McConnells Mill and Moraine State parks are in need of over $19 million in infrastructure improvements.
That point was emphasized this week when Marci Mowery, president of the Pennsylvania Parks and Forests Foundation, led a tour of Moraine in Butler County.
In a January report, the foundation said that Pennsylvania's state parks and forests need a $29.1 billion investment to preserve the infrastructure within the natural resources.
Moraine, according to the report, requires $18 million of improvements while the tab for McConnells Mill was set at $1.2 million.
The two parks attract 1.3 million and 453,213 visitors, respectively, each year, according to the report, and provide a combined annual economic impact of over $20 million.
"So this is a good investment for the state,” Mowery said during her visit. “The parks play an important role in the state's economy.”
Her visits, she said, are aimed at getting as many people as possible actively experiencing Pennsylvania's state parks and forests.
"I could have held meetings in Harrisburg to say parks are under funded," she said. "But it's important to come out to see the parks, See their beauty, smell the restrooms."
Sprucing up Pennsylvania’s state parks, though, is no easy task.
Years of neglect, inadequate funds and understaffing all have taken their toll, she told a group who included state Sen. Scott Hutchison of Butler County, Josh Kohecheck representing state Sen. Elder Vogel Jr., tourist bureau representatives and others.
"Available funds don't meet the needs of the parks," Mowery said.
Roads must be repaved, water and sewer lines, most are beyond their intended life expectancy, must be replaced and recreational facilities must be upgraded to meet existing need and expectations.
Locally, she said, the McConnells Mill grist mill must be maintained to keep the historical perspective.
Accompanying the group that met at Moraine’s Pleasant Valley Beach was park manager Dustin Drew, who noted that facilities, installed when or before the park opened in 1970, are outmoded and must be replaced.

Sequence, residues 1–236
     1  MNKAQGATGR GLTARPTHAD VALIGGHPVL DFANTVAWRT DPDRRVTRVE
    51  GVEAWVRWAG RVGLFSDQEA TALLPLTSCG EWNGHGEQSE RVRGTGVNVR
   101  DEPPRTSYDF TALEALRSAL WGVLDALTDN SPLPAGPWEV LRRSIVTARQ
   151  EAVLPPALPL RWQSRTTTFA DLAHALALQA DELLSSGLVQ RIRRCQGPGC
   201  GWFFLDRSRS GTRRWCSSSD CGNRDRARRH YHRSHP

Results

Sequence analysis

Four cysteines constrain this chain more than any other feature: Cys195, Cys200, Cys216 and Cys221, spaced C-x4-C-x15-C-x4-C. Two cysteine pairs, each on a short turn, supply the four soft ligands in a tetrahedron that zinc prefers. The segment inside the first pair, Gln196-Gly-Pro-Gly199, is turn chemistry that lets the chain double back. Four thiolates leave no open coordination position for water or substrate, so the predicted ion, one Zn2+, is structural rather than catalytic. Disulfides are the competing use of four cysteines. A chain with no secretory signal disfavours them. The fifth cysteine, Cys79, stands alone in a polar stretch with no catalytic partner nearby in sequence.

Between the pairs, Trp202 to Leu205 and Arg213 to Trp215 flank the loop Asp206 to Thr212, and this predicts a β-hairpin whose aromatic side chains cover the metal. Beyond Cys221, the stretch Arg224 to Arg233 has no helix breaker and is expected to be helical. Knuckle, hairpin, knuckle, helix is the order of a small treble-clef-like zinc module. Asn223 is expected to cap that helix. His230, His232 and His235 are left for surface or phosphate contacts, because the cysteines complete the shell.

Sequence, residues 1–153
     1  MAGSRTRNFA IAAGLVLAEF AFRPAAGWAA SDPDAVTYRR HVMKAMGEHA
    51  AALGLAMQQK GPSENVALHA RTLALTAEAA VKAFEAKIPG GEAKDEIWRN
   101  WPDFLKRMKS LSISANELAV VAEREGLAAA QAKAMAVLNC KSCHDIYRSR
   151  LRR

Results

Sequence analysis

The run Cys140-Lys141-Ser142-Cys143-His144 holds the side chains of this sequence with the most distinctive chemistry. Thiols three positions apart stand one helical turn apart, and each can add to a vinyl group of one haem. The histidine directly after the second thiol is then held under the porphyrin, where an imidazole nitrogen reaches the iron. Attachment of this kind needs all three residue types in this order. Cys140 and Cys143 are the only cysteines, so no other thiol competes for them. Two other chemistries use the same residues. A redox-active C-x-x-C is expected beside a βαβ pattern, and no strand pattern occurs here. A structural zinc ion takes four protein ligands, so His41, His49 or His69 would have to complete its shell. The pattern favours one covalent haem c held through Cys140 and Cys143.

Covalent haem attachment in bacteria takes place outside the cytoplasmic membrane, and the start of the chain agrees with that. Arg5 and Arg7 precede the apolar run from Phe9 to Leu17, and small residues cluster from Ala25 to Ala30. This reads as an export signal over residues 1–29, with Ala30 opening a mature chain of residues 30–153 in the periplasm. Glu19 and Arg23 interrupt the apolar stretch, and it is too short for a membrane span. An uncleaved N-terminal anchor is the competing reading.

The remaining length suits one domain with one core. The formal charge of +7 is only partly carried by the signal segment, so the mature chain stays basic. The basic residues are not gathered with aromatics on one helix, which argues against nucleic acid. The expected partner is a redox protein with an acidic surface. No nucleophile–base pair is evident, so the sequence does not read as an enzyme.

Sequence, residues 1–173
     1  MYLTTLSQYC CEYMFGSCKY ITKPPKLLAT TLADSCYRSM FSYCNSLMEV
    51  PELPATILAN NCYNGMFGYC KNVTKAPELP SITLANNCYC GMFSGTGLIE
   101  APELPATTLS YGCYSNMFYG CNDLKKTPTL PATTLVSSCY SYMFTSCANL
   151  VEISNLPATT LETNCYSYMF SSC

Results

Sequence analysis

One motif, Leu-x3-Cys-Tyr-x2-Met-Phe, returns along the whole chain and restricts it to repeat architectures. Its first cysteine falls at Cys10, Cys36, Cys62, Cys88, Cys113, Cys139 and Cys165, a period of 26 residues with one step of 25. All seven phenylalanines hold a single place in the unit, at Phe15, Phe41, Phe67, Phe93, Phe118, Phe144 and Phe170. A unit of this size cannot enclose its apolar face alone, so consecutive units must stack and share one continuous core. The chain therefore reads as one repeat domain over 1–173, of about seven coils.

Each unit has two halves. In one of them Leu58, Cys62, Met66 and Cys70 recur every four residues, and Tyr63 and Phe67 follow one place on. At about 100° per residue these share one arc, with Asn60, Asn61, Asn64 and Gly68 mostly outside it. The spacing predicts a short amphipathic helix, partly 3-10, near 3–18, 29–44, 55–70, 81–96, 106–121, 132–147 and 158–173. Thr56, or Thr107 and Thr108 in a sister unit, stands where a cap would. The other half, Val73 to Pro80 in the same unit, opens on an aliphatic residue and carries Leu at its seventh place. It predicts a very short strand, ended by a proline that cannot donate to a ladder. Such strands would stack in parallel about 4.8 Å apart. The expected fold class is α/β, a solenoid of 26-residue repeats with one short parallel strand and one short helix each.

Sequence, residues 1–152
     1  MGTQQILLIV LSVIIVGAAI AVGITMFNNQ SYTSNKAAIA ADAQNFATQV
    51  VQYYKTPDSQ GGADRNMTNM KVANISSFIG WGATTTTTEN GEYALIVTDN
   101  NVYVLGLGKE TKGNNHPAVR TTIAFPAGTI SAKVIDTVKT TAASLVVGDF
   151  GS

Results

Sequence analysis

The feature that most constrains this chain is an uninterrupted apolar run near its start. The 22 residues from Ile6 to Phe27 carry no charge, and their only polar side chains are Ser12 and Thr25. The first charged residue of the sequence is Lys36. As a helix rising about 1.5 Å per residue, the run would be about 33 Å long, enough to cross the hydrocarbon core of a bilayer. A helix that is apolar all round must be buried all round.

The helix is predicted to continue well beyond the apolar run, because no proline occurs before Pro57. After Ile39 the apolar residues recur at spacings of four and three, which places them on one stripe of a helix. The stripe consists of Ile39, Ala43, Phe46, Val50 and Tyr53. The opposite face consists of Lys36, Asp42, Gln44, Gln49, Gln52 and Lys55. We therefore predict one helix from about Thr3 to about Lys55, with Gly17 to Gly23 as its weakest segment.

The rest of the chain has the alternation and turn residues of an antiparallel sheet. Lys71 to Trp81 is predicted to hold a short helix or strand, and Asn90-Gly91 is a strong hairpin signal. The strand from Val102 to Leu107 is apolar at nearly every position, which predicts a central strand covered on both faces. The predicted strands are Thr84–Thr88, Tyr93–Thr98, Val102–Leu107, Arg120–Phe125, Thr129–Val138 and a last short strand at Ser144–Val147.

"Investments have been made and plans for improvements drawn up, but we've fallen behind and are not able to keep up," he said. "Water lines leak. Pump stations placed to get sewage through the park to our wastewater treatment plant are more than 60 years old and are of real concern.
"We're trying and our staff works hard," Drew said "But we're not sustainable at this point." He said roads —there are 30 miles of roads through Moraine —need to be resealed and beach areas, such as Pleasant Valley, must be upgraded to meet visitor expectations."
Drew said upgrades are required in the Pleasant Valley swimming area, one of two swimming beaches in the park. Both were designed to accommodate the lager crowds of the 1970s, before as many people had pools in their back yards. Restrooms, also dating from the 1970s, are not handicapped-accessible. Some don't have electricity, others smell.
"Family-style" facilities that are handicap accessible with large, family-friendly changing rooms and showers are needed, rather than existing separate facilities for men and women," he said.
Drew noted that the beach has severe erosion and drainage issues made more notable this year due to the rainy spring and summer. Drainage, he said, was put in in the 1960s prior to the park opening.
"There has been talk of dredging the lake, but the cost would be great," he said. He added that the dam which was built to create the lake must also be maintained
KEEPING AHEAD OF PROBLEMS
"If you don't spend the money now, you will spend much more later," Mowery said. "Resources may be lost by delaying investment in infrastructure."
The state parks, she said, have many volunteers who do projects to help the parks,, but their needs are beyond what volunteers can provide and what local fundraising efforts can provide.
Volunteer and philanthropic efforts, she said, recently relocated a trail at McConnell's Mill. Drew praised groups like North County Trails who have maintained trails at Moraine. "If not for them taking care of trails, they would not be open," he said. "People see and appreciate the work of the volunteers."
Bob Kalan of Mars, who serves on the advisory council of Pennsylvania Parks and Forests Foundation, noted that much of the state park infrastructure dates back the the Civilian Conservation Corps of the 1930s
He also praised Moraine for being "a dark park" away from light pollution where the Milky Way is often still visible.
"Ninety percent of kids born today will never see the Milky Way in their lifetime," he said.
Jack Cohen, president of the Butler County Tourism and Convention Bureau, also praised volunteers but said they don't have the money needed to fix what needs to be replaced.
"Moraine is a special place," he said. "Every state park is a special place. which draw people and improve the quality of life."He noted the park will be 50 years old next year and plans are in the works to celebrate the event.
He said there is an effort to connect Moraine and McConnell's Mill via walking trail to keep hikers off busy Route 422
"This is part of a national trail," he said. "We're trying to get the state and federal governments involved.
"Moraine is the No. 1 destination in Butler County,” he said, noting that 10 percent of visitors to Moraine are international guests who stay longer, often three to four weeks and want to come to these places.
“People don't realize what i in our own back yards."